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The Dove or the Sword

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Commander Graves stood silently looking out over the valley like a gargoyle. The valley was lit with the lights of the city it contained and the military base farther down the river. Sounds of city-life drifted up to him confirming his fears about that night. A lone soldier ran up the trail to the overlook where he was standing.
“Sir!” barked the soldier as he snapped to attention.
“Speak sergeant,” ordered Graves.
“The charges have been placed and the dam is
ready to be blown.” Stated the sergeant, then he reverently took out a detonator and placed it in the Commanders hand.

Graves stared down at the detonator. It was a simple looking device somewhere along the lines of a electric toy car controller, but it only had two buttons on it, a red one and a green.
It seemed so harmless but the Commander knew better than that; he held the future of the war in his hands. The red button would blow up the charges and kill millions of people, while the green button would disable them. He had requested this configuration on the slight chance a different solution could be found that would still cripple the Chinese army but let the civilians live. He thought back to just a few months before when the world had been at peace and none of this was his responsibility.

He stared out the window out over the base where he had been assigned. Everywhere soldiers, pilots, and engineers ran around like so many lemmings in response to the news that had just been delivered. After months of tense political meetings China had finally launched its long awaited campaign against America and the other nations of NATO (North Atlantic Treaty Organization). There was a loud knock at the door. “Come in,” Graves called softly.

The door opened with a faint squeak and a soldier walked in with a dispatch in his hand. He snapped to attention and said. “This just came from the Pentagon sir.”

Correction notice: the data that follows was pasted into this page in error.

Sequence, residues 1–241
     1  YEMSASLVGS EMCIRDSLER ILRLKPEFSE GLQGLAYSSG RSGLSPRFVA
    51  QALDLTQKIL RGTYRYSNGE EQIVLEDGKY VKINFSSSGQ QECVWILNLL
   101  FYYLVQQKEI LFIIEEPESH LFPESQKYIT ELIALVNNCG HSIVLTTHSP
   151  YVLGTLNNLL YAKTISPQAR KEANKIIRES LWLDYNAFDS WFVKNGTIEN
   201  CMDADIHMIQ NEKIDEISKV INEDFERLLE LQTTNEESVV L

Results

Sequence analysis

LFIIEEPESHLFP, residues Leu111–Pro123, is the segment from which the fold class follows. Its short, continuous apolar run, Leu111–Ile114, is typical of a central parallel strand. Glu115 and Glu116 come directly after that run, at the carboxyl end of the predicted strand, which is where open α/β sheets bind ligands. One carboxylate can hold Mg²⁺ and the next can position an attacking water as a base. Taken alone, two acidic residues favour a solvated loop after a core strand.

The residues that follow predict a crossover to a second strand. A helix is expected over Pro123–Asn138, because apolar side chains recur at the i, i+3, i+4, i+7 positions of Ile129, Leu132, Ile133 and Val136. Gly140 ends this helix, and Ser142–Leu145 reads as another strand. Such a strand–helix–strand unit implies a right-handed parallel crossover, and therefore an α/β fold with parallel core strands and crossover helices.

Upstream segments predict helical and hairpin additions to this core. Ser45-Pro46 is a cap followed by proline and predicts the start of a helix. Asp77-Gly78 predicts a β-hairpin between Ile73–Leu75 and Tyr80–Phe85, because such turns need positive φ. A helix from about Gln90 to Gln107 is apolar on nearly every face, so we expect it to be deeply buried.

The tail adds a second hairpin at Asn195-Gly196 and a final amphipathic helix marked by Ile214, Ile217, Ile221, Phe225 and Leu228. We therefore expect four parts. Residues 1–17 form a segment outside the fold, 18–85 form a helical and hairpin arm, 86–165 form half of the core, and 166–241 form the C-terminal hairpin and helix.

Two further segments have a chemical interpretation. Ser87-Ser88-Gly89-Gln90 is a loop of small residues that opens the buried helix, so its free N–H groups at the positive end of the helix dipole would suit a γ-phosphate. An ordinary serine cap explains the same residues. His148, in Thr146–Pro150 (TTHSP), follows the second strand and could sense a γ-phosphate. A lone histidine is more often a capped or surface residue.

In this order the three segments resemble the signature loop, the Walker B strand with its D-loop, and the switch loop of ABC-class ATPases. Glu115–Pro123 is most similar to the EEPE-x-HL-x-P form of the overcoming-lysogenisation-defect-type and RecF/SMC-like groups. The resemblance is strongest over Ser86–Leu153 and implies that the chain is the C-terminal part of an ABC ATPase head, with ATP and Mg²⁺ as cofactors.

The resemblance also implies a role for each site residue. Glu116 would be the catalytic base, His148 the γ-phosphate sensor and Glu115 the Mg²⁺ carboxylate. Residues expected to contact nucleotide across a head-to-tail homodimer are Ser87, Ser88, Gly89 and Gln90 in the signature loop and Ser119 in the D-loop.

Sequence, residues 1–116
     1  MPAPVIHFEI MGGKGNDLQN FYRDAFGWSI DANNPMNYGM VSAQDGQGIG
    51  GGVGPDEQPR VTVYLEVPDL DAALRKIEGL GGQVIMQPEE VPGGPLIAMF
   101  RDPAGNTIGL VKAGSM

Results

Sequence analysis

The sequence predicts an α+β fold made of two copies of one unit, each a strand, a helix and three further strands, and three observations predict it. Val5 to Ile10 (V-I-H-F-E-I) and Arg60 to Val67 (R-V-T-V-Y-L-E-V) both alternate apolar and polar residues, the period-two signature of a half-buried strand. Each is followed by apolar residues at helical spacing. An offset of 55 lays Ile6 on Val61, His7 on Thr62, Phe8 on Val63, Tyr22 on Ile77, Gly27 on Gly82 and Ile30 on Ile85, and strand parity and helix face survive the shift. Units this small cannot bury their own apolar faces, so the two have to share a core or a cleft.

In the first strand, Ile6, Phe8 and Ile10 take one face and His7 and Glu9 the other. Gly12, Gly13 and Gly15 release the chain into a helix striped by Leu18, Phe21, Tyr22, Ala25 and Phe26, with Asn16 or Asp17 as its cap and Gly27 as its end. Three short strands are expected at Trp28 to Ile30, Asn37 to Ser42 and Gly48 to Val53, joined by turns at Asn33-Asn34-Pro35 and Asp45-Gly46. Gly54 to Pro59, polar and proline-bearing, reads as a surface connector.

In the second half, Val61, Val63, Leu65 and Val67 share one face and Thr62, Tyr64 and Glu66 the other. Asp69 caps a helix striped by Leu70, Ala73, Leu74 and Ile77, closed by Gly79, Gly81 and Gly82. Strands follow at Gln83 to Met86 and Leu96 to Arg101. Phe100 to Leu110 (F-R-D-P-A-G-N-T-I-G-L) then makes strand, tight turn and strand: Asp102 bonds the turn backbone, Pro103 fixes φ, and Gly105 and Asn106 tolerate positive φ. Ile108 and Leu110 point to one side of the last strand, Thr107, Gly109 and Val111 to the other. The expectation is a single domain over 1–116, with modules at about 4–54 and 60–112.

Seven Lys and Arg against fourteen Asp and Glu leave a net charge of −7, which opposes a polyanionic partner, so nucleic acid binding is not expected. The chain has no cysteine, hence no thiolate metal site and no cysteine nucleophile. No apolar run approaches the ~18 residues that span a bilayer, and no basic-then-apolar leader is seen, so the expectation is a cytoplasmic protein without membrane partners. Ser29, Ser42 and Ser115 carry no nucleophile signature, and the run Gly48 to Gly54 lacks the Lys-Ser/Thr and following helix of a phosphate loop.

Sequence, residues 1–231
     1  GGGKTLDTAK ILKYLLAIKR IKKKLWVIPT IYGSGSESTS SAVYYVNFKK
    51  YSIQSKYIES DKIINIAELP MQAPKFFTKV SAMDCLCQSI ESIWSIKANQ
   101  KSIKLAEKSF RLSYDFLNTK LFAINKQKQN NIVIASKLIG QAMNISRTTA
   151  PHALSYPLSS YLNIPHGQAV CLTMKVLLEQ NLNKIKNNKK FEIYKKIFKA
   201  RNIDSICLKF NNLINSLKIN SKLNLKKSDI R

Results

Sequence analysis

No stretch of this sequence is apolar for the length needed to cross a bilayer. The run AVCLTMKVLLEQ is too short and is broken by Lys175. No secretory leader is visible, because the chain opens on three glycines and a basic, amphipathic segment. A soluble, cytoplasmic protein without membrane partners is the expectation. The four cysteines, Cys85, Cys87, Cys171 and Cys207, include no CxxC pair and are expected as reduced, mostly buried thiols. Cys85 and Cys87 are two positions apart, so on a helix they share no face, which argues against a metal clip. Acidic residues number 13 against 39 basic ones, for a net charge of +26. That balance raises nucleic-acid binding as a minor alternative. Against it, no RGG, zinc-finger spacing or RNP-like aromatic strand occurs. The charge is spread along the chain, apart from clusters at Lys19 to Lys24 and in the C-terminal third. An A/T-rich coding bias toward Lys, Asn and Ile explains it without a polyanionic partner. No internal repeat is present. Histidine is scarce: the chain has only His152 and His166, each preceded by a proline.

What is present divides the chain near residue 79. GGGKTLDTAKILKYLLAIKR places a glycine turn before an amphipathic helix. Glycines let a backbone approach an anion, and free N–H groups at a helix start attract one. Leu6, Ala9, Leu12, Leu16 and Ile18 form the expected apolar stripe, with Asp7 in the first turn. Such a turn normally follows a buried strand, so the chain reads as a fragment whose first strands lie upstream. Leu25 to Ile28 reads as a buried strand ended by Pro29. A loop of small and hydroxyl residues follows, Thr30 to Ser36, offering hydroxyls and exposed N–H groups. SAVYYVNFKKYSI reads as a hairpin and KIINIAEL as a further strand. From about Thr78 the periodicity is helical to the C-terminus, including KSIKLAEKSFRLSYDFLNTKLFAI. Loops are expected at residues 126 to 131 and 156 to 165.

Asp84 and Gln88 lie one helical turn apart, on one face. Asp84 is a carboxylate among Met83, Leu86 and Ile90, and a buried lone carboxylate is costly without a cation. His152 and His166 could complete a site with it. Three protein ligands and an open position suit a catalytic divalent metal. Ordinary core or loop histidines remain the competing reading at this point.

“Thank you soldier. You can just put it on the desk.” He replied without looking.

The door clicked as the private left. Graves turned and examined his reflection in the rooms one mirror. His face was strong but it was fixed in a permanent frown. His steely black hair only served to make the gaze from his stormy gray eyes even more intense. He sighed and turned to pick up the notice.

“Dear Commander Graves,” the message began “as you are no doubt aware China has launched its beginning offensive against America. The situation has been analyzed and it has been concluded that we have neither the men or firepower to resist China’s overwhelmingly massive forces. In light of this it has been decided that the war will essentially come down to these early days. We need to strike a blow against them that will leave them reeling with fear and shock. We need a decisive strike that will eliminate a large portion of their forces. The 5th and 6th Chinese armies are gathering in the Yangtze River area to consolidate before attacking. They must be eliminated by any means necessary. To accomplish this task you will be given one platoon of men to infiltrate deep into enemy territory and you are to blow up the Three Gorges Dam by use of charges on the foundations. This will eliminate both armies and destroy many industrial centers clustered in the area. Your mission is of the upmost importance and secrecy. Tell no one what you are doing or where you are going. You will leave at 1300 hours tomorrow. Good luck Commander. You hold the fate of the world in your hands.”